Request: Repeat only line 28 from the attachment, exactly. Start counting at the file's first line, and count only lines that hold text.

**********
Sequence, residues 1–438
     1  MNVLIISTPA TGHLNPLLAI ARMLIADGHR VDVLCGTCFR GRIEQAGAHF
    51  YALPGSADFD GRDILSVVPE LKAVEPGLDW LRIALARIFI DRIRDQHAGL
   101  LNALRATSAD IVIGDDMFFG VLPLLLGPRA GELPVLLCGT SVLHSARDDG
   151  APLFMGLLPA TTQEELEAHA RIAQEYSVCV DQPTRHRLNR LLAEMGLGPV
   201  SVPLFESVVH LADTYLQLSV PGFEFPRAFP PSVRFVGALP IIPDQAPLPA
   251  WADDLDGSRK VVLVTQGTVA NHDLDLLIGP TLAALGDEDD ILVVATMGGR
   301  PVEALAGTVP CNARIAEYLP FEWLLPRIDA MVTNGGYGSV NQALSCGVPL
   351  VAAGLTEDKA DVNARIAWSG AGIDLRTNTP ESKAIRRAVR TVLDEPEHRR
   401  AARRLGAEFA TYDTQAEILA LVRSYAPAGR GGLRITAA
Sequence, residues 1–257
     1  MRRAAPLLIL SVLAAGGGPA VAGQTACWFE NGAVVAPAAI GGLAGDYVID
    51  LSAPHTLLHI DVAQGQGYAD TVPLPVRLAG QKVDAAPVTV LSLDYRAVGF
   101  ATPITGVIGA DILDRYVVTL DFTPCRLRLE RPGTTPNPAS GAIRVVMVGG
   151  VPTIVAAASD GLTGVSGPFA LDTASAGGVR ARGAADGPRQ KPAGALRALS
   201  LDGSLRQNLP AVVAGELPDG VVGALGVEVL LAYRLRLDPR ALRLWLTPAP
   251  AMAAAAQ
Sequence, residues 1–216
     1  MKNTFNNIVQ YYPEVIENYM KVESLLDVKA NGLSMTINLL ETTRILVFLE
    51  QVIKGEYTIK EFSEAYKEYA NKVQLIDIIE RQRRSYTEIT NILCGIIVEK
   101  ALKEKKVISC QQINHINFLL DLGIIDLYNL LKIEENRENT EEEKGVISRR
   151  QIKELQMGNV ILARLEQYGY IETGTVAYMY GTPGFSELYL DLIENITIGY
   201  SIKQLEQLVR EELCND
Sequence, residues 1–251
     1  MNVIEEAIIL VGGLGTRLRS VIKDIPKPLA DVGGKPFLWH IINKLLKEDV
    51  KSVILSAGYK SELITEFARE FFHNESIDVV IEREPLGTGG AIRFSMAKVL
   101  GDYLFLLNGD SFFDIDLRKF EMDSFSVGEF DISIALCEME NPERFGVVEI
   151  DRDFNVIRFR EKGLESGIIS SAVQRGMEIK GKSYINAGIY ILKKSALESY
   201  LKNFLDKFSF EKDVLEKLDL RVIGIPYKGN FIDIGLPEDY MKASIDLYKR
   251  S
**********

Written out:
   151  DRDFNVIRFR EKGLESGIIS SAVQRGMEIK GKSYINAGIY ILKKSALESY